Landing Page of the Week #16 – Chimpanzees Going on Titanic to The Moon. 🤔 Wait, What?
What do Titanic, Landing on the Moon, and learning about chimpanzees have in common? The answer is: throughout the years, they all have been featured in one magazine.
National Geographic has been with us since 1888. That’s a lot of bookshelves to fill. Wouldn’t it be fun to browse through archive issues of the magazine somehow more conveniently?
You don’t say – they have a landing page for that and we're gonna review it?
The key to encouraging visitors to buy your products is simple:
1. Get them interested.
2. Evoke curiosity.
3. Ask to take action.
Easier said than done, don't you think? Let's see how National Geographic nailed it, then! 👌
- First, there is an interesting possibility introduced. See the header section. Isn’t it curious how over 1,400 issues fit into an online archive? Imagine that: you actually access a newspaper from the year and month you were born.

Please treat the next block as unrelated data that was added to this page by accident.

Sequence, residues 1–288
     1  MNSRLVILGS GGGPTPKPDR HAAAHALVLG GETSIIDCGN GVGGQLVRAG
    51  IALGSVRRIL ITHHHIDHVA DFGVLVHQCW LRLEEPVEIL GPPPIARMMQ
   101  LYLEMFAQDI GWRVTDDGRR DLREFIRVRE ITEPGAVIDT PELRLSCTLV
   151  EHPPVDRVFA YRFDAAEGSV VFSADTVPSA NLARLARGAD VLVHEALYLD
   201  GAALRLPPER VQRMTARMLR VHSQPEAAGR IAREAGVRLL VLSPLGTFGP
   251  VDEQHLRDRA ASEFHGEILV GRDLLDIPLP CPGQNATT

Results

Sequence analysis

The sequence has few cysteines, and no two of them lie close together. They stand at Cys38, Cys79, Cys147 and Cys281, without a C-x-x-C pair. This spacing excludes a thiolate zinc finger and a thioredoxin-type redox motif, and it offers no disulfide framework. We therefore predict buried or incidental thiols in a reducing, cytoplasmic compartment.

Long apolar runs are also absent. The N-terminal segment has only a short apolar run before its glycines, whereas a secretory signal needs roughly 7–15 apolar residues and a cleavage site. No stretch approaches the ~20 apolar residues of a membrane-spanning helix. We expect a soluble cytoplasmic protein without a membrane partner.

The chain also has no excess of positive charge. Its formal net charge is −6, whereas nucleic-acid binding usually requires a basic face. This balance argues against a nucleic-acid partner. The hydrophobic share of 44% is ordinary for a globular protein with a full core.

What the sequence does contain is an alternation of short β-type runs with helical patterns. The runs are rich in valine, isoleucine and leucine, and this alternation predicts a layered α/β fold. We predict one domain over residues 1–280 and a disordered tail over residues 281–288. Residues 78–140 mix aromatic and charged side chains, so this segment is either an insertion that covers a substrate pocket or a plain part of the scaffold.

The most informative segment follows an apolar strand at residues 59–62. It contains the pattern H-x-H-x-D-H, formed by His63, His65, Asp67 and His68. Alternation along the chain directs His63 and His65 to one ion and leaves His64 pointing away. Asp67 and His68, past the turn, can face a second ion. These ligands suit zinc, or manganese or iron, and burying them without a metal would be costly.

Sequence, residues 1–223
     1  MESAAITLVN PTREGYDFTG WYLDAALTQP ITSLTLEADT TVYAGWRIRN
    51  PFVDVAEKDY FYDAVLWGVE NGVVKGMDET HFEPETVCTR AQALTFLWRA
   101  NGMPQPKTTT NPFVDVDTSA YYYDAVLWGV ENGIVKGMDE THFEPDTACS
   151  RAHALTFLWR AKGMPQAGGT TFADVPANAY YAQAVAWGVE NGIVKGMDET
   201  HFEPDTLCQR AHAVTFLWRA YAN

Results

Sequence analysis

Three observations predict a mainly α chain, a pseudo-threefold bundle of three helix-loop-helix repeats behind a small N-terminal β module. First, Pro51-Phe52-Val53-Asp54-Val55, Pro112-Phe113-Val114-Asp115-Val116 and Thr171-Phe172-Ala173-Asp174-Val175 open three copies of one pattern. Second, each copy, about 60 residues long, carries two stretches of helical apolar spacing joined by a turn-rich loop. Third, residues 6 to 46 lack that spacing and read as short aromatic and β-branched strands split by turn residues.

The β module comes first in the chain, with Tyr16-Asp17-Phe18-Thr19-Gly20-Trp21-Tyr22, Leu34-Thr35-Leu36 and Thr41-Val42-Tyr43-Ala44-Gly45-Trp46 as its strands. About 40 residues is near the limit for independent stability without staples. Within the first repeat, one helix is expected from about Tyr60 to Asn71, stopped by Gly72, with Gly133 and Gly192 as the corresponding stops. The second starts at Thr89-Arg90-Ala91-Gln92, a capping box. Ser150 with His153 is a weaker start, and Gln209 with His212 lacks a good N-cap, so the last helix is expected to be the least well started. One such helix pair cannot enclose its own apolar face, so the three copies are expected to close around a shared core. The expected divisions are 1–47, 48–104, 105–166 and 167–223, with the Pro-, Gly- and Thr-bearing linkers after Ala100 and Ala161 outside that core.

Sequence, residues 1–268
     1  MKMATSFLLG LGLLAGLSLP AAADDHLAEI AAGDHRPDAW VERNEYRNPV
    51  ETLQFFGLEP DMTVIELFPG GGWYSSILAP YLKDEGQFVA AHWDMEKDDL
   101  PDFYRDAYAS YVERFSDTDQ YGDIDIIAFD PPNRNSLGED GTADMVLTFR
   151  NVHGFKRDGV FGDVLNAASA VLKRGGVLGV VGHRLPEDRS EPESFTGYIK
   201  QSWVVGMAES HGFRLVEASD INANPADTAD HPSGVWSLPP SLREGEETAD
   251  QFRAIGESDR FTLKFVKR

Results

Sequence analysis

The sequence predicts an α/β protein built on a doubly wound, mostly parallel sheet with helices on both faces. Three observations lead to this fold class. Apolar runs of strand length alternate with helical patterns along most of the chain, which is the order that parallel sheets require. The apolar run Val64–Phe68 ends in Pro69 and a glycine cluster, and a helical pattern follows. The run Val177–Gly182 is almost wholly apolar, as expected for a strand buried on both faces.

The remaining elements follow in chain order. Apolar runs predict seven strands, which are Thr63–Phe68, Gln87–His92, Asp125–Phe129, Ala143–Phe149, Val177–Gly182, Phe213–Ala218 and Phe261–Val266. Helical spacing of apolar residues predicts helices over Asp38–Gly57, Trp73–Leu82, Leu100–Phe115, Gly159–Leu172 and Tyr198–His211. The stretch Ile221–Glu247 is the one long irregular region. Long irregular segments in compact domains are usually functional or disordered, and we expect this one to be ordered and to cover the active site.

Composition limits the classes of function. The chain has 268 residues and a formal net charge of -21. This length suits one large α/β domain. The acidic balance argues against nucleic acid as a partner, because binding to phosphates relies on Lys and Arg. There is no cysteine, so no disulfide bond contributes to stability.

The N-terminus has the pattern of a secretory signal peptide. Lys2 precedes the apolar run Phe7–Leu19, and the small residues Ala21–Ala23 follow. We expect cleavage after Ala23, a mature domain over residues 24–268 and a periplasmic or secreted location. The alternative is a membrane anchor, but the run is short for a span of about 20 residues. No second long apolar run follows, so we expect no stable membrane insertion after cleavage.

- Then, there’s something viewers are going to click on: an interactive map, and a variety of National Geographic’s covers to browse through. It’s no wonder the visitors click on the covers or map locations.
- After they click, a call to action is displayed. The box tells them to subscribe and get access to the magazine. Chances are, the viewers are already intrigued by how the past issues look like. Now, they can consider subscribing.
What might not have been the best idea? 🤷
- Putting numerous links on a landing page might hurt your chances to convert visitors into clients. Here, there are quite a lot of links at the bottom of the page and on the pop-up. When faced with too many possibilities, people may feel overwhelmed and not choose anything at all. It’s called Paradox of Choice (credits to Barry Schwartz). Stick to one link per landing page.
Are you curious to see how the landing page looks like?
Your journey starts here
Landing Page of the Week is a series where I review various examples of landing pages from the web.